Getting physical therapy can cause a lot of emotions. Injury rehabilitation can feel unfamiliar, exciting, and maybe even overwhelming. It’s the physical therapists job to investigate why things are hurting and educate you about your body. Sometimes that unveils strengths, but can also reveal weaknesses. This can be surprising. All these feelings are normal.
At some point in time with patients, I always have this conversation. Whether the stage is set at the start of physical therapy, or reinforced in the middle, it’s an important topic to cover. The topic of validation.
As healthcare practitioners, we ask questions, investigate, listen and validate. It’s obviously important when it’s about biology, but it’s equally important when checking in with the “psych” portion of the biopsychosocial model.
If you’ve ever had an injury or set back, you may have experienced all of those feelings. I hope you knew that was okay and 𝗰𝗼𝗺𝗽𝗹𝗲𝘁𝗲𝗹𝘆 valid.
At the start or during physical therapy, you may feel:
And you’re allowed to.
As patients improve, we push boundaries. We have to push boundaries (with a calculated effort) to find their new limit. If we never push them, we’ll never trigger change. Sometimes that means pushing past comfort, which could cause some symptoms. Usually, it’s temporary and we can move past it within a few days. But sometimes the thought of it coming back on can trigger patients. However, with diligent efforts, patients will learn about their body and keep progressing. This can be exciting or uncomfortable — and that’s normal.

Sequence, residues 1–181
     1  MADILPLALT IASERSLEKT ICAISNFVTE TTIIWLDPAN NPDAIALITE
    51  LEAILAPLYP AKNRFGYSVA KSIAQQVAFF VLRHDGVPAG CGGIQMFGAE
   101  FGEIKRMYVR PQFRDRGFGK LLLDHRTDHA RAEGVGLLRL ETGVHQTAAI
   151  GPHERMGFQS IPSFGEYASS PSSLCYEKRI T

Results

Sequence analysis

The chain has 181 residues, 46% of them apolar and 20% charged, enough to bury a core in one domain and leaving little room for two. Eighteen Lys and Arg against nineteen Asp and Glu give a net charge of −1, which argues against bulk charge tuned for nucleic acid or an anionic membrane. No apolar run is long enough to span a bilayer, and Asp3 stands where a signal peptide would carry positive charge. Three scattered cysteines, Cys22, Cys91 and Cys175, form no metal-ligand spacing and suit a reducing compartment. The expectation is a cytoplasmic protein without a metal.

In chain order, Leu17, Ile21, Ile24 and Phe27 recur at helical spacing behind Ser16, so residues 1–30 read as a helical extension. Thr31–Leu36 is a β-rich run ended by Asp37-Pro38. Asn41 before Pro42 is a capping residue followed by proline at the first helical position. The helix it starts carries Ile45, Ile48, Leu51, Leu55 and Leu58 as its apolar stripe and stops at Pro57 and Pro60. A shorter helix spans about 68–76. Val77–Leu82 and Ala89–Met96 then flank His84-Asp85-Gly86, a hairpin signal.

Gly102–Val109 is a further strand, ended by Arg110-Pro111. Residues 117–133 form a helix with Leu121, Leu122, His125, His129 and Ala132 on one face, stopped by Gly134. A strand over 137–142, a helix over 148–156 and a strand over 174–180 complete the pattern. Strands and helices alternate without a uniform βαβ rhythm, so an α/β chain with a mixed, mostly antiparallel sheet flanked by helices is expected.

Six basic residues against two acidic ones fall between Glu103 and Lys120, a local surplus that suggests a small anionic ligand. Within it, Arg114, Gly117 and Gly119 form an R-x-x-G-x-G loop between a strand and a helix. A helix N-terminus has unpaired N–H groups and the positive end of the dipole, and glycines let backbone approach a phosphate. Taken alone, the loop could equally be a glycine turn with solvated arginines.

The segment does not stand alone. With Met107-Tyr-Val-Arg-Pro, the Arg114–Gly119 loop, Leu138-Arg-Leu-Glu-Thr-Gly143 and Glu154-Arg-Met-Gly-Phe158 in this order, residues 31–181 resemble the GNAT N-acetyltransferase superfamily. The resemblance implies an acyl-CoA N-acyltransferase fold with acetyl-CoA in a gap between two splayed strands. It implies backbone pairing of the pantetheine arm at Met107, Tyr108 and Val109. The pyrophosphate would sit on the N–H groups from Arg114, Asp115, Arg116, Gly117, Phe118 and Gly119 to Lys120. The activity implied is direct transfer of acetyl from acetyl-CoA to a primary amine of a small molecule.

By the end of physical therapy, you may feel:
- More independent.
- More capable.
- Confident in your ability to move.
- Empowered to try new activity.
And that was the goal.
It’s our job to validate and educate that things are still progressing. Two steps forward and one step back is still progress. Even if it’s two or three steps back, it’s a new place than day one. As cliche as it is, the road to recovery can be winding. It can test your physical and mental limits. This is why finding a physical therapist that is dedicated to you and your goals is important in navigating the waters of injury recovery. This is why finding a physical therapist that you trust and are comfortable with is critical.
So if you’re new to this, remember these few things. Physiology takes time, change requires mental and physical effort, and be patient with your body.
Considering starting physical therapy? Book a consult with me!